Dangerous Thoughts | The Stories We Tell Ourselves About Our Selves

Annija Muižule

I recently happened upon a post on my sweet cousin, Katheryn’s blog, Good Life Road, in which she talks about her “ideal self”, a concept I’m sure most people are familiar with. An ideal self is the you that you wish you were. It’s all the best parts of yourself and all the things you wish you were and none of the bad ones. It’s the person you thought you would be when you were five. It’s the girl you imagine yourself to be when you’re feeling particularly pretty or clever or powerful.

I write about this person sometimes in my journal, a third person account of my idealized future self. I have entries as far back as my early teens describing this person. Anecdotes of what she is doing, somewhere in the future as she goes about her day, how she keeps her hair or what her apartment looks like. It’s funny, because this girl, this woman I’ve invented who I hope I look like someday, well, she still looks incredibly similar to the woman I imagined I would be when I was a teenager.

LauraLeal

She’s strong and smart, independent and charming. She is the kind of woman you would want to be friends with, the sort of person people enjoy talking to and being around because she radiates warmth and positivity and reminds them of their own potential and beauty. She takes care of herself, eats well, exercises, dresses in a way that is uniquely hers. She does her own thing, and though she has many close friends, she is often on her own. She likes it this way as it gives her time to think, which she does entirely too much, some might say.

Her mind is constantly abuzz with ideas, thoughts, little snippets of stories she is going to tell one day. She can be a bit dreamy, but when she brings her awareness down from those swirling clouds of imagination, she can be unnervingly observant. She spends a great deal of time wandering, taking photos and journaling in cafes, scribbling down these thoughts and observations. She draws well enough and sometimes in the margins of her notebooks are the faces of the people around her, the people inside her head. There are moments she is as clear to me as my own reflection, and I love her and I want to be her so badly… Sometimes I think that I’m getting there…and other times I’m filled with the dread that she is nothing more than a fiction in my head. An unattainable illusion that I’ve created to comfort or torture myself with.

TaraNiami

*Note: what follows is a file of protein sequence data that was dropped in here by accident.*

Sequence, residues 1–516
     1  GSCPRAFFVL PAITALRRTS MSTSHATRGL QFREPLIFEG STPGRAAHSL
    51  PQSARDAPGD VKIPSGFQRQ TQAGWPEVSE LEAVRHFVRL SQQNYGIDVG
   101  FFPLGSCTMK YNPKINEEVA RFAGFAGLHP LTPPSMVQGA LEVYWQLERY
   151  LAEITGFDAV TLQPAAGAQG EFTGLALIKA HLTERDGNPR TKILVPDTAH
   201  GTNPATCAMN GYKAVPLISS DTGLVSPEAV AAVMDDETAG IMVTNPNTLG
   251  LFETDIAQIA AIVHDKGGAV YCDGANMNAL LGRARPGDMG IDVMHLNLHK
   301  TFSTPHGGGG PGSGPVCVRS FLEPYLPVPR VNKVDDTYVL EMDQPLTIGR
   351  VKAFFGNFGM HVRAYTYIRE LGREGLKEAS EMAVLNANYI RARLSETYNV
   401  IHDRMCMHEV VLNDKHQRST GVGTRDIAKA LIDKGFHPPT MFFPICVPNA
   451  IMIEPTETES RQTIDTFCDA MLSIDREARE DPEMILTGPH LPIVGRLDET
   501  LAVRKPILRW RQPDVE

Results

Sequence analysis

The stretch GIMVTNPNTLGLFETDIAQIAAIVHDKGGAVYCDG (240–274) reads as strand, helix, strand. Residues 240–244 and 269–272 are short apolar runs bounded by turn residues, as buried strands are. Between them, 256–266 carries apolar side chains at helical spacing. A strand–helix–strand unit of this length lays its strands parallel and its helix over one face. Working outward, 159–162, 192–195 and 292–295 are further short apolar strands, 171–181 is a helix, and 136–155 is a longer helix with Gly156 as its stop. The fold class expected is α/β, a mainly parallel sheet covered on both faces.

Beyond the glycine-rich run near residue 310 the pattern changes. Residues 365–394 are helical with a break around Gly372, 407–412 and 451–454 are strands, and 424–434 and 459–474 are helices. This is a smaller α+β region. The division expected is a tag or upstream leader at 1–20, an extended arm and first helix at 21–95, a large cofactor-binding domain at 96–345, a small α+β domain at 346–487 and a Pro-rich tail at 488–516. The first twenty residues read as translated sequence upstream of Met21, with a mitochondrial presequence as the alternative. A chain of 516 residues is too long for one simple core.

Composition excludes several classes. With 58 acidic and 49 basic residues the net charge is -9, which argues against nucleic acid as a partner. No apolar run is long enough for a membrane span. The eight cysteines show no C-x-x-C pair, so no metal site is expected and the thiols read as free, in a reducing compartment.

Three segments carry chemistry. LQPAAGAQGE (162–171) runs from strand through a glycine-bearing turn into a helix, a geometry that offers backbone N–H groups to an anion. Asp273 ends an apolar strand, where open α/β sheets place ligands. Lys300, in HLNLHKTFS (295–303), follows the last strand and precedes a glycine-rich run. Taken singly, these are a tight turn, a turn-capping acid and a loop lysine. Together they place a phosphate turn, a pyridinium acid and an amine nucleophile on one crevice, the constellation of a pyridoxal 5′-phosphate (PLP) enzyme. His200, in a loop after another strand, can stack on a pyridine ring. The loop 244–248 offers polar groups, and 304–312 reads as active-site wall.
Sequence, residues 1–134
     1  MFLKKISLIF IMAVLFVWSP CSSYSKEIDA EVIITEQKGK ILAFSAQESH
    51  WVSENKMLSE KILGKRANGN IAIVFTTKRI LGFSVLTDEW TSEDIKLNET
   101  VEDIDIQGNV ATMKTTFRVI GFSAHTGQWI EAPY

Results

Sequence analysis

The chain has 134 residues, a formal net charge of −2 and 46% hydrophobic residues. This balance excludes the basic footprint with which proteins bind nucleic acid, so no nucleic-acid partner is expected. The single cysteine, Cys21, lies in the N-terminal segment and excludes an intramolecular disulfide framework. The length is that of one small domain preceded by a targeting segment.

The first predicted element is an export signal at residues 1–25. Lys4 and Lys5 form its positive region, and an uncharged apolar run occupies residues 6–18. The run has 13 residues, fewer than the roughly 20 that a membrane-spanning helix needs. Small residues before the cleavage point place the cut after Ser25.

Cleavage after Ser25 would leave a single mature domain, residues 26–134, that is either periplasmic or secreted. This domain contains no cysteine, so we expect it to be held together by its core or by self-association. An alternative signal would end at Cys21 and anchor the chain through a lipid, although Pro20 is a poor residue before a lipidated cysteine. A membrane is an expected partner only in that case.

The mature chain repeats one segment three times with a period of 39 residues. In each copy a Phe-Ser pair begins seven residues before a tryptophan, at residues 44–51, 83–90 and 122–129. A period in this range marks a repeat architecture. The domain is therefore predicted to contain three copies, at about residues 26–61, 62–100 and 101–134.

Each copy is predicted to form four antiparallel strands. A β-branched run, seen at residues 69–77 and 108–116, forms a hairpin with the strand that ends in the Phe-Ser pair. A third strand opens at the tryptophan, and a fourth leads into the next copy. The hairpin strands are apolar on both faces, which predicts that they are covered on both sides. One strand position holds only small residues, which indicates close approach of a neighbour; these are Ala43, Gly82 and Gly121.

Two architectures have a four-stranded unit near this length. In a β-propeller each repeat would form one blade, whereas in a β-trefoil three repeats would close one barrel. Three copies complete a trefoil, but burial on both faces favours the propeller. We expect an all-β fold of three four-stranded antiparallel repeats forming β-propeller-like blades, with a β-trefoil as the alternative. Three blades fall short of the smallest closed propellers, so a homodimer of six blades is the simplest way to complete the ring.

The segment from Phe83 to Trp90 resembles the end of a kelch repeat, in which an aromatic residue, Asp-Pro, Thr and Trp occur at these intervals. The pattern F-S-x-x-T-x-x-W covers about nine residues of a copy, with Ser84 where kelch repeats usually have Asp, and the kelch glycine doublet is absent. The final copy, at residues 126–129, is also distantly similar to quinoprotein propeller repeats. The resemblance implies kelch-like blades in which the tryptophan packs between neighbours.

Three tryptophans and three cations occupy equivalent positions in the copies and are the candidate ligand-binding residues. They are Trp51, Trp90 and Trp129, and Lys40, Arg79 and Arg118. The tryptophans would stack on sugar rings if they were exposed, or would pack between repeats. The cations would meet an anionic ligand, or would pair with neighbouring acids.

Is it weird that I envision myself like that? Like a character in a story I am writing? I don’t think that She is me at this point in my life, but it’s who I would like to be, who I hope to be someday soon. I suppose She is the person I hope others perceive me to be. I hope to be the sort of person you might describe in that way. Maybe it’s a part of that whole manifestation thing I’ve always sort of adhered too. If I will it, it will be; so to speak. I’ve always sort of had this secondhand narration of my life going on in my head anyways, a strange sense of watching myself from another persons perspective. I suppose it’s the wannabe film star in me that does this, or perhaps the writer, or maybe it’s my own weird brand of narcissism…or it could be the early symptoms of schizophrenia. It might be all four. Either way, I firmly believe every good story needs solid narration, and maybe if I can explain it eloquently enough my life will be the epic adventure I wish it to be.

Does anyone else out there do this? I think it might be more common than I realize, especially in this era of blogging and social media. We are constantly narrating our own story in a digital format, through Instagram posts and Twitter updates, whose to say we’re not all doing it internally as well? The stories we tell to ourselves, about our selves are ultimately the identity we hold, right? So maybe it’s good that I see my future self as this wonderful, warm, happy and well balanced person…because maybe if I keep seeing it that way, that is how it will be.

Images via Annija MuižuleLaura Leal and Tara Niami

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One Comment

  1. you are that beautiful young woman because you care.

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